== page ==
Introduction to the new website of the European Committee on Radiation Risk
In 2015 and 2016 scientific papers published by members of the ECRR began to put extreme pressure on radiation risk model which is the basis for nuclear energy, nuclear weapons and the use if Depleted Uranium weapons. Following the most important and recent of these papers, published in January 2016 the website of the ECRR, www.euradcom.org was hacked into and stolen by an individual with addresses in the UK and phone numbers in Canada, none of which are real. In addition, scientific members of the ECRR are acting as experts and as the representative in a very important legal case in the Royal Courts of Justice in London for 3 weeks from June 13th 2016. The stolen website www.euradcom.org has been altered by the hackers and all the emails with the address @euradcom.org are no longer safe: messages to these are redirected to the nuclear/ military psychological operations centre which we have been told is based with named individuals associated with the University of Illinois Institute of Technology.
The website www.euradcom.eu is a mirror site for the information that was on the www.euradcom.org site which should be assumed to be in the control of the nuclear/ military complex. Please only contact us through the www.euradcom.eu site and its associated emails.
Fukushima and Health: What to Expect
The Committee announces the publication of the Proceedings of its 2009 Lesvos conference.
For those who wish to know the health consequences of the Fukushima catastrophe, the answers are to be found within this volume and in the radiation risk model of the ECRR.
The data presented to the 2009 conference show the real world effects of living in areas contaminated with the dispersed contents of an exploded nuclear reactor. Twenty five years of studies of people living on the Chernobyl contaminated territories has been enough to quantify in detail the cancers, the heart disease, the loss of lifespan, the congenital illnesses, even the changes in sex ratio, in childhood intelligence and in mental health that follow exposure to radioactive contamination. More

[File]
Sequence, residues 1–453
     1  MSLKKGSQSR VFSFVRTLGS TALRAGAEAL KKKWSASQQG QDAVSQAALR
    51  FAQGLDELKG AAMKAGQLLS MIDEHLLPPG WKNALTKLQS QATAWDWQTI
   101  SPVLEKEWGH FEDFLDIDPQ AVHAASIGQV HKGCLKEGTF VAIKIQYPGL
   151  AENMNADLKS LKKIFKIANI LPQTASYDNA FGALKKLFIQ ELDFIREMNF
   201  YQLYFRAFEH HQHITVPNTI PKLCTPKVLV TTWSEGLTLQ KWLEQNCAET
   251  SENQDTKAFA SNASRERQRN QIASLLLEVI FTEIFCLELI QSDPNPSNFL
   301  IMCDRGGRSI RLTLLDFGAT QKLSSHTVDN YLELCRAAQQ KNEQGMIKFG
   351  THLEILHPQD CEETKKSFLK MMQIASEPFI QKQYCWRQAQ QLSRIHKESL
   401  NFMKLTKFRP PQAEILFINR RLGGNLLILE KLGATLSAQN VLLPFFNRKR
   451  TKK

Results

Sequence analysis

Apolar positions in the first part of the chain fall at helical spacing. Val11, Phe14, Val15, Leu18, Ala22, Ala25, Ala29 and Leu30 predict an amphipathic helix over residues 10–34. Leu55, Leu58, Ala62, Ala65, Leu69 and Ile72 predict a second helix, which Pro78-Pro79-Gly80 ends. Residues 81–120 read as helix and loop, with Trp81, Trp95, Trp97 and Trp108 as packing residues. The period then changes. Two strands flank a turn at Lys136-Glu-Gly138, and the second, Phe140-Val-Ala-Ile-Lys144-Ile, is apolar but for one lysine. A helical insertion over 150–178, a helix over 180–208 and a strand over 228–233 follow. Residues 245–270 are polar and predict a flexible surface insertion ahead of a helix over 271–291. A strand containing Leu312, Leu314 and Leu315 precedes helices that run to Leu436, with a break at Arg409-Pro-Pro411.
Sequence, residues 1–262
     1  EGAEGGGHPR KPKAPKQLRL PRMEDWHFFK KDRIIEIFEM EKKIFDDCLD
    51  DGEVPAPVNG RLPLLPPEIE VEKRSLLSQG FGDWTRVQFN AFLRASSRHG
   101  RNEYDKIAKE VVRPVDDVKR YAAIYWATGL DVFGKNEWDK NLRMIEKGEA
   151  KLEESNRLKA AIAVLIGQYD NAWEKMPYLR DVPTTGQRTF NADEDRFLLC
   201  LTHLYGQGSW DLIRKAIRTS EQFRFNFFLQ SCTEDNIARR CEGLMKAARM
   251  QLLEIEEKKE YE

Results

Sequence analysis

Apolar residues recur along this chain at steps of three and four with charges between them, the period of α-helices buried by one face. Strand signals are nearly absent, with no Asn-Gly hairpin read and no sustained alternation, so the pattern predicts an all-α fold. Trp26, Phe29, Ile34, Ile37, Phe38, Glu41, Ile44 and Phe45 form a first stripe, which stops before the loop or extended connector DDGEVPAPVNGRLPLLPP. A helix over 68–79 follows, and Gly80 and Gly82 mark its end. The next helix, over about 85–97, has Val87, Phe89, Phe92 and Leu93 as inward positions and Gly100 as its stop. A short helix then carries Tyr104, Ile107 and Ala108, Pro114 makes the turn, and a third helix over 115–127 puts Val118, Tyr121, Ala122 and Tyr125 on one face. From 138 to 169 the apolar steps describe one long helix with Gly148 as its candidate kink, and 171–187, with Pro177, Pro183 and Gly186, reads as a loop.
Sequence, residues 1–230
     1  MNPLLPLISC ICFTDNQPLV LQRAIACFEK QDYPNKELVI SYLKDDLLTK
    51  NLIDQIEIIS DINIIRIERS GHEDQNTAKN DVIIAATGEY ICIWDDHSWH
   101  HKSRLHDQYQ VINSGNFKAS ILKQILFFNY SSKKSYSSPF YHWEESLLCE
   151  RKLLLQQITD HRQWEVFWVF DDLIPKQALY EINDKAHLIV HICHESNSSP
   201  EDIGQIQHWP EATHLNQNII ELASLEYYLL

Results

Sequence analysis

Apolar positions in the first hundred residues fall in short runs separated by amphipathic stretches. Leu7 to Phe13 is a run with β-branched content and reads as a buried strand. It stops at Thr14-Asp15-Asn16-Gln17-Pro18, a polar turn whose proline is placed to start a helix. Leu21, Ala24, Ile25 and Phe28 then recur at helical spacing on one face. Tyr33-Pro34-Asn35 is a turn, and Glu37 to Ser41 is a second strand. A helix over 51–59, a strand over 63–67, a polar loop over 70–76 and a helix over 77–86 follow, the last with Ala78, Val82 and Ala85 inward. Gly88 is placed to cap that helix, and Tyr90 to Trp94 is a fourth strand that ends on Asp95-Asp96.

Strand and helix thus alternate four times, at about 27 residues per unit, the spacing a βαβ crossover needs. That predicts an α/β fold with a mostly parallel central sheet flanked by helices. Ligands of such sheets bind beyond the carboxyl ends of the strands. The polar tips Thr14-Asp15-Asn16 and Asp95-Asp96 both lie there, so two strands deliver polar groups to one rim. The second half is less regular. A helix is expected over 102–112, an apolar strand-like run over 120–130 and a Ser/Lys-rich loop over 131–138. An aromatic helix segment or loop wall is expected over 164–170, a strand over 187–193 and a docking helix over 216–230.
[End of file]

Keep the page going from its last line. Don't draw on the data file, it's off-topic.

26th April 2011: On the 25th Anniversary of the Chernobyl Catastrophe,
mindful of the continuing discord over the extent of its impact on health,
and mindful of the implications of that discord for public safety in regions affected by radioactivity from Fukushima,
the Committee has published an appraisal of the global health consequences of the Chernobyl accident.
20th March 2011: In the present emergency in Japan, and mindful of the lack of detailed information on radiological aspects, the Committee has published an Advice Note. The Committee has applied its own methodology to such data as was available to calculate expected levels of cancer in exposed populations. Link
Similarly, the Committee publishes an Advice Note on calculating the risks of ingested Iodine 131Link.
April 2010: Committee publishes new Recommendations. ECRR 2010: The Health Effects of Ionising Radiation Exposure at Low Doses and Low Dose Rates for Radiation Protection Purposes: Regulators’ Edition (Purchasing information)
As a response to the Fukushima catastrophe a pdf of the Recommendations is free to download (1.35 Mb)
February 2010: Committee publishes its report on Uranium (a free download).
Radiation Risk: The new era begins Riga Conference presentation by ECRR Scientific Secretary, 14th August 2009.
International Conference Preliminary report, Declaration, and press statement.
Public debate between ECRR’s Scientific Secretary Prof. Chris Busby and ICRP Scientific Secretary Emeritus Dr. Jack Valentin, who admits that ICRP recommendations cannot be applied to post-accident situations and that it is a mistake not to address studies which falsify ICRP’s model.Transcript here.
Chernobyl – 20 Years On 2nd Edition.
This comprehensive collection of reports and report summaries is a counterpoise to the disinformation about the effects of the Chernobyl disaster which is disseminated by various official bodies.
The Second Edition, published in April 2009, has a new preface and includes some corrections to the original text.
Here are data from the real world: the world of the Chernobyl laboratory. The lessons contained in these chapters should be borne in mind by policy makers who are, even now, discussing new investments in nuclear energy and ways in which historic and future radionuclide waste can be disposed of into the environment.
Now published in Spanish and freely downloadable from this linked page
European Committee on Radiation Risk/Comité Européen sur le Risque de l’Irradiation,